AUGUSTA, Ga. – It was a day searching for answers that never came for Adam Hadwin during the third round of the Masters, where he shot a 3-over-par 75 to slide down the leaderboard.
Hadwin admitted he has been fighting his swing this week but was trying to battle through it. Augusta National, however, is not the golf course to be looking for a secret formula to success. It’s just too difficult a layout.
“Since the beginning of October I just haven’t played bad golf. Searching for the club face is just not a fun thing,” he said. “I hit enough good shots (today) to say that I can do it, but I hit enough really ugly golf shots to say that I’m searching. I’m going to do my best to stay positive and grind through it.”
Hadwin started his day with a lucky birdie on the par-5 second.
“When you hit a 50-yard hook into the tree and it ends up in the middle of the fairway, you feel pretty good. That ball should have been long gone. I probably should have been re-teeing,” he explained. “I saved one there, but decided to give it right back on the next hole.”
He rattled off three straight bogeys to put him in a hole he couldn’t get out of. He made one more birdie on No.11 after draining a long putt from the left side of the green, but immediately gave it back with a bogey on No.12 and a double bogey on No.14.
Coming into the week as a Masters rookie, Hadwin had no real expectations for his final result. But after struggling through three rounds to keep it in play, he said it’s the first time in approximately six months he’s been fighting his swing this much.
He was also warned by the rules official on No.8 that he and playing partner Daniel Summerhays were out of position and was told to speed up. That didn’t have much of an impact on his play Saturday, though, he was more so just trying to get something – anything – going.
“I’ve been playing such good golf all year that I really felt I could come in here and play well. I know I’m a rookie, I understand that we’re not supposed to play well but I feel like the way that I putt suits these greens. I feel like I see the breaks really well, I could imagine playing off the slopes, having a little imagination on the greens. I feel like I can play the golf course if I’m playing well, it’s just extremely difficult to play golf swing around this golf course and hit it to the proper spots,” he said.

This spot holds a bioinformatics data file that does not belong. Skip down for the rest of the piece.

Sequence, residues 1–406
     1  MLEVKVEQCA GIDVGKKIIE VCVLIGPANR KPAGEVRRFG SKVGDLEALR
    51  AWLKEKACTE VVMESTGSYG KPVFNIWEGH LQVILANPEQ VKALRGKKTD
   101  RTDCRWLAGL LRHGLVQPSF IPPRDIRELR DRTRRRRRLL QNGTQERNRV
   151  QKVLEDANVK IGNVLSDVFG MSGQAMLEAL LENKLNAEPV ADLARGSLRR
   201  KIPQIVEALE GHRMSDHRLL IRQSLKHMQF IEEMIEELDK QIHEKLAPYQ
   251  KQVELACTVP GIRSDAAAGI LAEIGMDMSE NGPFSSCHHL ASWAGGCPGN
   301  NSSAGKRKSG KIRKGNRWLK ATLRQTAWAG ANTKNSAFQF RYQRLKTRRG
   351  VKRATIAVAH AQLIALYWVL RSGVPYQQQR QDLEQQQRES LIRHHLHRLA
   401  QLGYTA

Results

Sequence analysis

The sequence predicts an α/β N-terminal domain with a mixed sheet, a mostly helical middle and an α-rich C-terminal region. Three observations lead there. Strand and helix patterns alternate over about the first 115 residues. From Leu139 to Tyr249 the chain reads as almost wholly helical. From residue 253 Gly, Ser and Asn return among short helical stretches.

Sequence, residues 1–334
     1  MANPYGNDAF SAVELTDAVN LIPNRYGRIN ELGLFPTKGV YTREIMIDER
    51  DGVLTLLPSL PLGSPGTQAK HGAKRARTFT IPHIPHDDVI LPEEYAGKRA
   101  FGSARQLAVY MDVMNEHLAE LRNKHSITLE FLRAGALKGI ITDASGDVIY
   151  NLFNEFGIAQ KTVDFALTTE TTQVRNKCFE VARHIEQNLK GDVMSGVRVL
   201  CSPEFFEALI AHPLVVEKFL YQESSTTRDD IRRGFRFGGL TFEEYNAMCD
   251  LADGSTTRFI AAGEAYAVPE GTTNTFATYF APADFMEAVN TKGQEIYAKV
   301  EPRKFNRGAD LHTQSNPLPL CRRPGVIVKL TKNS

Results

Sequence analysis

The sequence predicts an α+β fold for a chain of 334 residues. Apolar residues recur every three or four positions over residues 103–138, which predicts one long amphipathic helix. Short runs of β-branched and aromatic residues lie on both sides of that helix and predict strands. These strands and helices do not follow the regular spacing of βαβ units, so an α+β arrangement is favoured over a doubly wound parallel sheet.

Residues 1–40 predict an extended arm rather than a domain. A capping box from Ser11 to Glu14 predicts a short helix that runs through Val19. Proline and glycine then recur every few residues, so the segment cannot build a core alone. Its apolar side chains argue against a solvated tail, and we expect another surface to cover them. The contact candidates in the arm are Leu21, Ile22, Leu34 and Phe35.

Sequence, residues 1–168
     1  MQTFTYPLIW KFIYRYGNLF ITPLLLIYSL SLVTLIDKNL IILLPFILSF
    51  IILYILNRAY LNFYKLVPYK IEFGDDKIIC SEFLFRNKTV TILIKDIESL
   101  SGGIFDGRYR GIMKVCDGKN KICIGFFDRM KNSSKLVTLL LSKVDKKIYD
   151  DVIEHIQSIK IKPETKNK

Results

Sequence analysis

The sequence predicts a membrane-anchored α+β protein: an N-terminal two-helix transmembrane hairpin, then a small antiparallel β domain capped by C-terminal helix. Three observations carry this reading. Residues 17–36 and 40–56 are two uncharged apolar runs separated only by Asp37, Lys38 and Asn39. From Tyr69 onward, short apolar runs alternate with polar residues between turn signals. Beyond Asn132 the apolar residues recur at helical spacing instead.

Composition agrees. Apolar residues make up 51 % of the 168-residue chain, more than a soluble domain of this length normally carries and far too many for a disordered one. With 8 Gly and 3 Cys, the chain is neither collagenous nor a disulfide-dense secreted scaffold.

“I’m fighting it all the way around, but doing the best that I can. I’m just disappointed this is the game that I brought to the Masters. The worst part is I know I’m not far off, but mentally it’s difficult to get back there and have it.”
Hadwin said he would hit the driving range after his round to try to work away on a couple things prior to tomorrow’s final round. It’s still an important one for Hadwin – although he’s far back of the leaders, sitting at 8-over for the tournament – as he can earn valuable points towards earning a berth on the Presidents Cup team later this year.
He wasn’t 100 per cent sure of his approach for tomorrow, but he knows he’s got one last round to try to move up the leaderboard.
“I would love to come out and free-wheel it, but it’s just been so difficult. I’ve tried to do that and hit a few bad shots, so we’ll see what happens,” he said. “Try to find something on the range this afternoon, if not tomorrow morning, if not, we’ll guess again tomorrow afternoon.”